Again and again and again, I tell myself that I won't let it affect me. Over and over and over, I remind myself that I am safe. The words are futile; I'm terrified and angered and sad. Like a scummy film on the surface of a pond, gun violence blunts the shining sun, diffusing it and muddying it and making the world a scary place.
Leaving the house wasn't easy this morning. Then, again, watching the television wasn't any easier. One of their own was shot down on a sunny morning and suddenly all those stories the anchors had been reporting over the years were no longer about the other – the victims were one of them.
I watched the CNN correspondent try to hold back his tears as Alison Parker's father said that his soul was crushed. I listened as Ashleigh Banfield tried to make sense of the senseless, describing how Adam Ward's fiancee watched him die from the production studio... in real time. Just saying the words made them facts that smacked her in her face; she had trouble physically forming the words.
And, again and again, I reassure myself that I haven't pissed off anyone in the recent past. I remind myself that I'm going to an out of the way place for lunch, that the salon for my haircut is off the beaten path, that Amster's kids and I will stay safe and secure in her house this afternoon. There will be no adventuring today; their Suzi is too terrified to deal with strangers right now.
This morning, at Starbucks, Mr. 10 and Amster saw the story in USA Today. “Mom! Just like Suzi!”
What do you say to a kind, thoughtful, loving 10 year old that will make it be okay? That I was like Mrs. Gardner, shot but surviving? That random things happen but not to 10 year old boys? That life is a crap shoot and we all take our chances just getting up and out of bed every morning? How can she reassure her little boy that he'll make it to adulthood?
I have no idea, and I'm kid-sitting for him and Mr. 12 this afternoon.
They came to the hospital and saw me, tubes running from every orifice, blood pooling in catchment bags, black and blue and weakened. They know that they are now older than Christina-Taylor ever will be. They watch me limp where I used to run.
They know first hand the consequences of guns in the hands of the mentally ill. What can I tell them that will reassure, will comfort, will explain? They don't need to be outraged; they are little boys.
Yet outrage is all I can muster right now. My Survivors' Group is peppered with messages about PTSD being triggered, filled with tales of sorrow and frustration and fury. Mostly, there is a weariness, a desire to find the lives we once knew, before guns robbed us of loved ones, of our abilities, of our sense of the world as a safe place.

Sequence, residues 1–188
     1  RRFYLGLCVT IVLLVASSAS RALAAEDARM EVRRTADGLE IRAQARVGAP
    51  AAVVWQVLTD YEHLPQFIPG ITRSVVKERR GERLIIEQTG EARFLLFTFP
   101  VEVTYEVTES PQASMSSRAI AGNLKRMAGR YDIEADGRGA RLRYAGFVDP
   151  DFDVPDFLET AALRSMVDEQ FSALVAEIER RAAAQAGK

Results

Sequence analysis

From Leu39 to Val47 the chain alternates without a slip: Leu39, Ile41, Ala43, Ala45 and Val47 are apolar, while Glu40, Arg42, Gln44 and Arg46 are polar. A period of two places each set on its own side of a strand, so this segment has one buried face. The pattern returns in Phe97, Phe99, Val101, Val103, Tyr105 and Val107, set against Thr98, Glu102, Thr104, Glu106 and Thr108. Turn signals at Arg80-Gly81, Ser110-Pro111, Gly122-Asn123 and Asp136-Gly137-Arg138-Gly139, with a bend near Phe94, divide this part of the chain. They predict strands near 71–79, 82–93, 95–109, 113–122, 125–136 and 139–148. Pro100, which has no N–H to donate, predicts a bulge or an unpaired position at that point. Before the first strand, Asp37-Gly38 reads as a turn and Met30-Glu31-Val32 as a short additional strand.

Christina-Taylor and I were at a grocery store. Alison and Adam and Vicki were at a water park. None of us were in the wrong place at the wrong time. We were doing what we do, in places we assumed would be violence free. I wanted to shake my congresswoman's hand. They wanted to report on improvements to a local river. These should have been non-events, ones in a series of every day activities. We all, each and every one of us, should have been able to call our fathers afterwards, as Alison did every day, sharing the experience, asking for advice and compliments.
Instead, they are dead and I am wounded and guns are everywhere.
Alison's father was right when he called our politicians cowards. He's the newest warrior in the crusade to make gun ownership a matter of public safety as well as a Constitutional guarantee. He vows that he will not give up until changes are made.
Well, let's see..... Donald J Trump (when did he add the J?) says it's not guns but the people wielding them. Marco Rubio wonders about the quality of mental health care. Hillary says that background checks are important and that laws should be strengthened but her emails and server problems have made her more of an after thought than a viable candidate and the reporting gave her exactly that amount of coverage.
And then they went on to Donald J Trump inviting an audience member on to the stage to prove that his hair is not a toupee.
I had to leave the room.
This cannot be allowed. This cannot become ordinary.
Perhaps the fact that a reporter and a camera man were the victims this time will change the trajectory of the reportage. When I call Senators and Representatives, I speak to their aides. I always ask how they feel about the fact that Gabe Zimmerman was doing their job when he was killed by a gun. “How does voting against sensible gun legislation make you feel safer about going to work? He was killed because he was a Congressional Aide.... just like you are....and that could have been you and your employer on the sidewalk outside the Safeway that morning, instead of Gabby and Gabe. What does your Senator say about that?”
They pause. Often they gasp. One began to cry.
That was the effect I was going for, because only when it becomes real to those in a position to make a difference can there be any hope for change.
Again and again. Over and over. I am so very very tired of it all.